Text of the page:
Conductive Labs shared a couple of new videos, demoing some new features of their NDLR MIDI arpeggiator.
The NDLR is a hardware arpeggiator that’s designed to control up to 8 devices at once.
The first video, above, demos the NDLR Modulation Matrix. In the video, the NDLR is modulating several of its own parameters. The instruments used include: Oberheim Matrix 6R, E Mu Orbit, Korg Volca Bass and Volca FM (on the same channel) and Korg MS-2000R. Everything is being controlled by the NDLR.
The second video, below, walks through setting up modulation for one arpeggio:
Conductive labs says that nearly all parameters of the NDLR can be modulated – not just the knobs, but functions in the device’s menus.
Modulation sources include:
- Sine, Ramp (up or down), Square, PW, Saw, Sample & Hold, pitch bend, velocity, after-touch or a user defined Pattern created in the on-board pattern editor.
- The first two modulation slots have a variable Probability setting.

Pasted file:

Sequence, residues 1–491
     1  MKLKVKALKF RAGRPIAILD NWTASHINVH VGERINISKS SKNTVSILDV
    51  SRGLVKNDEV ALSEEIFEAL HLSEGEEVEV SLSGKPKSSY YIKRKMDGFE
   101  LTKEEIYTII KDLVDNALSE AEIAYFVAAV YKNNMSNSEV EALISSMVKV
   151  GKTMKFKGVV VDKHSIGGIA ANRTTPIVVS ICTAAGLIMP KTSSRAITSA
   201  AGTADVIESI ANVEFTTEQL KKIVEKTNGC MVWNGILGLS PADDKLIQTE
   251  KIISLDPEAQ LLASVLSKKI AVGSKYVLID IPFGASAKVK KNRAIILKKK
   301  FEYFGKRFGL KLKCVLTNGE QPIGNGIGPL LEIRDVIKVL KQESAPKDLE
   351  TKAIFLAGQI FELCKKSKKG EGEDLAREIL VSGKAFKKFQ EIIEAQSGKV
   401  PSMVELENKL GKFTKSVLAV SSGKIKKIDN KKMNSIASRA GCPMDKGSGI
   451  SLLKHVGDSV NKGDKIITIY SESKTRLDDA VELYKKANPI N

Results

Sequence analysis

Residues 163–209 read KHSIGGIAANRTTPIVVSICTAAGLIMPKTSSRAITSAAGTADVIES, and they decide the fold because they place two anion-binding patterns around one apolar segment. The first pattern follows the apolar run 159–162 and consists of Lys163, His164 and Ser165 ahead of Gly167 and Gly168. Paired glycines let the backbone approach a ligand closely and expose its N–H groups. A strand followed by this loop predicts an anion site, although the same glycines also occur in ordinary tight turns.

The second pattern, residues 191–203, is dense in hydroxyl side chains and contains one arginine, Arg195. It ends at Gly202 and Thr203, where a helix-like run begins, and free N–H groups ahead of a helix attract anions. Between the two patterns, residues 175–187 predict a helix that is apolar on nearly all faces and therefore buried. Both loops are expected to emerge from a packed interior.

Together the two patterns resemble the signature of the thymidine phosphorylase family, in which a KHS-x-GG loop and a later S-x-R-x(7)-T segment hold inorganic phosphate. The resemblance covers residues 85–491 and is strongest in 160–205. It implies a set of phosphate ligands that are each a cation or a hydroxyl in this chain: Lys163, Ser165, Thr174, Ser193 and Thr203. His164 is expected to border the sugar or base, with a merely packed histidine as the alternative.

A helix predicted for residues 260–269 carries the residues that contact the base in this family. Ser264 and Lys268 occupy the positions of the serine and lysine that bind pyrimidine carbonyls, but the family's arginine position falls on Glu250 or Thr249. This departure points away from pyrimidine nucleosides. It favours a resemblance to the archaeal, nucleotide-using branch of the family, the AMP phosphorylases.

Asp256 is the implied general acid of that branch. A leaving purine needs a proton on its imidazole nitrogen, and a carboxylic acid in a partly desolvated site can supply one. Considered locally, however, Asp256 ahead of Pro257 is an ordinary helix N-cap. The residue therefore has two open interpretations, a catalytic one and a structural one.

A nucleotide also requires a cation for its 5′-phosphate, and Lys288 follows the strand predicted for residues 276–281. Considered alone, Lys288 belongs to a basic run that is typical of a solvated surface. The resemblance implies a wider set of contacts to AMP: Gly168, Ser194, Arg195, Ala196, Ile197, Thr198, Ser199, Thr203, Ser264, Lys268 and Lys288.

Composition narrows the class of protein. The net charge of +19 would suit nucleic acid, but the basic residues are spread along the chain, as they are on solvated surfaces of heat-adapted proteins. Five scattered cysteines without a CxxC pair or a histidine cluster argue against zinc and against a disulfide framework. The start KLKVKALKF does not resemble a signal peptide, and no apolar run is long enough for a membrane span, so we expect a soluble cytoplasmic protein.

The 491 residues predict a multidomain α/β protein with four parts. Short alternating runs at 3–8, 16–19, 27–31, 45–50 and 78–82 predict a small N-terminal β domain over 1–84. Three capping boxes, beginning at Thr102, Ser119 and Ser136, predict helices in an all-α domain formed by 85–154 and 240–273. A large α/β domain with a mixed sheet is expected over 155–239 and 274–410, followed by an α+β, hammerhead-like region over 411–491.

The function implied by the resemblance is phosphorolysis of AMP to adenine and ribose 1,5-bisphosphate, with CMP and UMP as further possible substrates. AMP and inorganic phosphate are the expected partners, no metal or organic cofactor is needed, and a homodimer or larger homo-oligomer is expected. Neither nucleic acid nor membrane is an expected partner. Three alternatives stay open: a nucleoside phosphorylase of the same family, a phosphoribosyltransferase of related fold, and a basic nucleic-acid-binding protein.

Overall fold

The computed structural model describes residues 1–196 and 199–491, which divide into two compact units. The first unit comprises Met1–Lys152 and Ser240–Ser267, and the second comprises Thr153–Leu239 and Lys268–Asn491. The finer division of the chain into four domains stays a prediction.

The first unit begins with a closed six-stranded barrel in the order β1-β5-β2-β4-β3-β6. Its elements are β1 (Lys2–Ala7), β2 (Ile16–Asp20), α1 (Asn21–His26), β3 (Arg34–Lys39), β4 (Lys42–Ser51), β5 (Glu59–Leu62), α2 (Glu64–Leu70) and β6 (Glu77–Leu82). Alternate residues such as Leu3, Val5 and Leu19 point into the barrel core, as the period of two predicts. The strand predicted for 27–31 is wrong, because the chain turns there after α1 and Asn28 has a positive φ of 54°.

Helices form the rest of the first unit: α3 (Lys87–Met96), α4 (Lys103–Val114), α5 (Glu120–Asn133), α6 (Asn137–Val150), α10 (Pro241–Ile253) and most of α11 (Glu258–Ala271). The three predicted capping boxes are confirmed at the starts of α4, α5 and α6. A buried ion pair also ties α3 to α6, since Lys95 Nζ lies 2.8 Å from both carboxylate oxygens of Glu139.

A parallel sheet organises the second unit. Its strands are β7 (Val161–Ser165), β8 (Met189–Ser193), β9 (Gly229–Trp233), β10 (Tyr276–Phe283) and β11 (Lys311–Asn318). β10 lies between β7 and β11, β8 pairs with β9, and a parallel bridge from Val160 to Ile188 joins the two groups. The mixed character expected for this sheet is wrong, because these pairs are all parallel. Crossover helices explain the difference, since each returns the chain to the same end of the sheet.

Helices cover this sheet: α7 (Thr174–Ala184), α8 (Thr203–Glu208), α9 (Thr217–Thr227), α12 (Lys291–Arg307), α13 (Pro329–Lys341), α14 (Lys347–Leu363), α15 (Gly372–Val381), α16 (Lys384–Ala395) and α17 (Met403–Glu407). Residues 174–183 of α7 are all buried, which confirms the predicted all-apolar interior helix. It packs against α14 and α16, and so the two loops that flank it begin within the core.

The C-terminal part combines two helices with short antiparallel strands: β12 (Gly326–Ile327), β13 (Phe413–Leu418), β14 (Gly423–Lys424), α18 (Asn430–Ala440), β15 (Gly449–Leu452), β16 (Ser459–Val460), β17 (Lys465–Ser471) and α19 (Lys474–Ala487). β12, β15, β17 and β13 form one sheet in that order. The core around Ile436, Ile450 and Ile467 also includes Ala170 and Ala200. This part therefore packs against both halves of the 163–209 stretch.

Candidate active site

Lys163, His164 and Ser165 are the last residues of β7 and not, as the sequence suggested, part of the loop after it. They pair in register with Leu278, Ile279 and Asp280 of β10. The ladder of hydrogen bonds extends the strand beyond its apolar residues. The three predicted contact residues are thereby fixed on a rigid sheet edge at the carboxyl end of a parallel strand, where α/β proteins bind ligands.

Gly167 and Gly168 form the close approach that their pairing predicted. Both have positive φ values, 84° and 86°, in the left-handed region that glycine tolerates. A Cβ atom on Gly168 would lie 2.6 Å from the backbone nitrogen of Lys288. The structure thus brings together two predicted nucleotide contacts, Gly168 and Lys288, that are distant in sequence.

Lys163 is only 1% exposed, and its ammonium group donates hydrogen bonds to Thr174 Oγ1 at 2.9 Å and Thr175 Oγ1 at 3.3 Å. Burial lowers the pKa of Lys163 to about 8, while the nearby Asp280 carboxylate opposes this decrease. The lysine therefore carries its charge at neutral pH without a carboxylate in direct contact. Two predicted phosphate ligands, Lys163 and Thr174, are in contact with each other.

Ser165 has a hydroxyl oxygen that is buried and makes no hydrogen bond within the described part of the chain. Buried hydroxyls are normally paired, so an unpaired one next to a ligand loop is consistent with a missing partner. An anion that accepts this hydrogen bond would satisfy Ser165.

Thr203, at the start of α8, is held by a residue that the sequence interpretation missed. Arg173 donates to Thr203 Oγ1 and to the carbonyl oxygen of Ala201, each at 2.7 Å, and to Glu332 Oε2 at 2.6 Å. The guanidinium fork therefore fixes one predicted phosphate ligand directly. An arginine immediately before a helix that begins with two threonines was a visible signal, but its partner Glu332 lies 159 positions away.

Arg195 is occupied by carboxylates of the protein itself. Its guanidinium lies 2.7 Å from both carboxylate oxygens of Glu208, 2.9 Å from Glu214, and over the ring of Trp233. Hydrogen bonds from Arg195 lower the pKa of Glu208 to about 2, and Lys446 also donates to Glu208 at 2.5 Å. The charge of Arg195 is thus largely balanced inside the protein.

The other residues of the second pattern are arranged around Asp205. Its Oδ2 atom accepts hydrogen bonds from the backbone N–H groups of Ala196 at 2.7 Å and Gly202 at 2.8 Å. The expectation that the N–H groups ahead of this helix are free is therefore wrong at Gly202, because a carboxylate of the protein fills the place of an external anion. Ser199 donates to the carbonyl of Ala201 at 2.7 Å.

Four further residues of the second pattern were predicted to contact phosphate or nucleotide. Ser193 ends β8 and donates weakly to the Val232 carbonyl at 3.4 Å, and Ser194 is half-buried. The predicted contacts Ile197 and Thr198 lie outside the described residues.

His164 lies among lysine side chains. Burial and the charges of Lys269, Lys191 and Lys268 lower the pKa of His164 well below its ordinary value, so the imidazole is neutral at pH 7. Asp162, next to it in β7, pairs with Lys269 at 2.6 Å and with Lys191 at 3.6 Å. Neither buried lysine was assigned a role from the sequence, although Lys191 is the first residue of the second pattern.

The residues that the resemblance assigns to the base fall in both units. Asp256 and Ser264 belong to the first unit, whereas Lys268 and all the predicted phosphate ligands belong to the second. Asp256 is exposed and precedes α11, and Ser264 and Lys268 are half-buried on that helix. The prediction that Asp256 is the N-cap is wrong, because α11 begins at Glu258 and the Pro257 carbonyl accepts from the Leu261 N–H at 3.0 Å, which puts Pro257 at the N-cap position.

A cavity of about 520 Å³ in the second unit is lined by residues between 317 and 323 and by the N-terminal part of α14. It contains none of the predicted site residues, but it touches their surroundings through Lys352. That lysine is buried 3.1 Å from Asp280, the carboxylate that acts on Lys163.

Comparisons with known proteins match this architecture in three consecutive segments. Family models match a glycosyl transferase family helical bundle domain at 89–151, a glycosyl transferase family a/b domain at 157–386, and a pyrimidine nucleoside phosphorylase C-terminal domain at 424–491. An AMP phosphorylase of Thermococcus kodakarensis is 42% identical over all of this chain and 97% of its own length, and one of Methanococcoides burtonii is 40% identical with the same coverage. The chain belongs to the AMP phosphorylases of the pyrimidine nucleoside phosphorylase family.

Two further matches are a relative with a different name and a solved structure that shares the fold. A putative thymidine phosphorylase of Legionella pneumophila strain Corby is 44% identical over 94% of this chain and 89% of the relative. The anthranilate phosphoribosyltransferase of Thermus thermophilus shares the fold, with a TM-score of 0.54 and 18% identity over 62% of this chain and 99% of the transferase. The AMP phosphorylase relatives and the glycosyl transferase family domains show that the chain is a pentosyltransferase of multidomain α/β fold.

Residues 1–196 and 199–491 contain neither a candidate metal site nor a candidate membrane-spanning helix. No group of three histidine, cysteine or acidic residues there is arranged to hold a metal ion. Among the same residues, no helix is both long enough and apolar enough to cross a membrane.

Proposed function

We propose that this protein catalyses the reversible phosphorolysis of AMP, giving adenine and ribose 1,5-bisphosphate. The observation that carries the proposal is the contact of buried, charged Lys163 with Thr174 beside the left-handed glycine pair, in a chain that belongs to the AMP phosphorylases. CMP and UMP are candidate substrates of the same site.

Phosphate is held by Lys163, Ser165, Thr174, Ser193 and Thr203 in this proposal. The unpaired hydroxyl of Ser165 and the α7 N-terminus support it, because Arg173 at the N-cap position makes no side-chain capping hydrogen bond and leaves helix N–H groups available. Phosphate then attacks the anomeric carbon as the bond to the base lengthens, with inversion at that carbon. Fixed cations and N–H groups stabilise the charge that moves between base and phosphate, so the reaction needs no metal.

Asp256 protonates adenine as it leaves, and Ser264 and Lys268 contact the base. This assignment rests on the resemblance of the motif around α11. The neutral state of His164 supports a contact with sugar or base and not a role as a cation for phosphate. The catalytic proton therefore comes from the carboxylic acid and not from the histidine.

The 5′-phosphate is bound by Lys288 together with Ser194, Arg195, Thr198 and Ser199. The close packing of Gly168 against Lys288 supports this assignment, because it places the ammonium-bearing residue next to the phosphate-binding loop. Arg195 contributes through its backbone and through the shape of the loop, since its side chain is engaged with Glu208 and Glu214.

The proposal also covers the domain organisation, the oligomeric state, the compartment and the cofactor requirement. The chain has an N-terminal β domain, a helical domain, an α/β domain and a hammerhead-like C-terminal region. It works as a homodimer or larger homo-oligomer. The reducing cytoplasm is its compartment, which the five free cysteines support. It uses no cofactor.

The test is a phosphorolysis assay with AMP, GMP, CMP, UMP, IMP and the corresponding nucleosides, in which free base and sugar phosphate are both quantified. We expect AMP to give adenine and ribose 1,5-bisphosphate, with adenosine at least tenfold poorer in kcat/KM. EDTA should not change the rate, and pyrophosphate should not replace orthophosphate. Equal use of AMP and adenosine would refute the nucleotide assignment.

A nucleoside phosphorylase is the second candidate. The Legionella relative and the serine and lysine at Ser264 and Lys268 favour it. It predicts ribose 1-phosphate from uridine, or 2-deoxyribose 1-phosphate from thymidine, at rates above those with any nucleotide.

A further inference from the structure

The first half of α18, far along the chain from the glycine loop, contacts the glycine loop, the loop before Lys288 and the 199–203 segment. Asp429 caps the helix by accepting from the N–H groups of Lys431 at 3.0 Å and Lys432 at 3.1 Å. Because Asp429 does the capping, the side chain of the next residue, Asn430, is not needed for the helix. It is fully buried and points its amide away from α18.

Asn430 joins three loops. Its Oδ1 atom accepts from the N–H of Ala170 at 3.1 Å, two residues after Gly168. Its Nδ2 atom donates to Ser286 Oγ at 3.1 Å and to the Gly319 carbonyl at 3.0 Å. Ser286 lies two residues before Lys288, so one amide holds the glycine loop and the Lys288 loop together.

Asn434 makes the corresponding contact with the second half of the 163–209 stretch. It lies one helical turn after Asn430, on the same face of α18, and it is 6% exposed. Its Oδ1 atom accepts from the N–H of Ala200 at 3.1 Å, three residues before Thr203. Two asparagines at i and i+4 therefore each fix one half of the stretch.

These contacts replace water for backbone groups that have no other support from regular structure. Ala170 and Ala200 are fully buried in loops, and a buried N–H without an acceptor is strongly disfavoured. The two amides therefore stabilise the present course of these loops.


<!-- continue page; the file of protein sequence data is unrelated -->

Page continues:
- Much like a synth’s LFOs, each source has adjustable Rate, Amount, and Offset. Rates can be synced or free running.
- For internally modulated destinations (inside The NDLR), the source is scaled to the parameter being modulated. This keeps things in control and predictable. For external destinations, the wave will be the full range of MIDI, 0~127. The wave will clip when Amount and Offset cause it to peak.
Pricing and Availability
The NDLR was initially funded via a successful Kickstarter campaign, and is expected to deliver in March 2018. It’s currently available to pre-order via Indiegogo for US $219, with April 2018 anticipated delivery.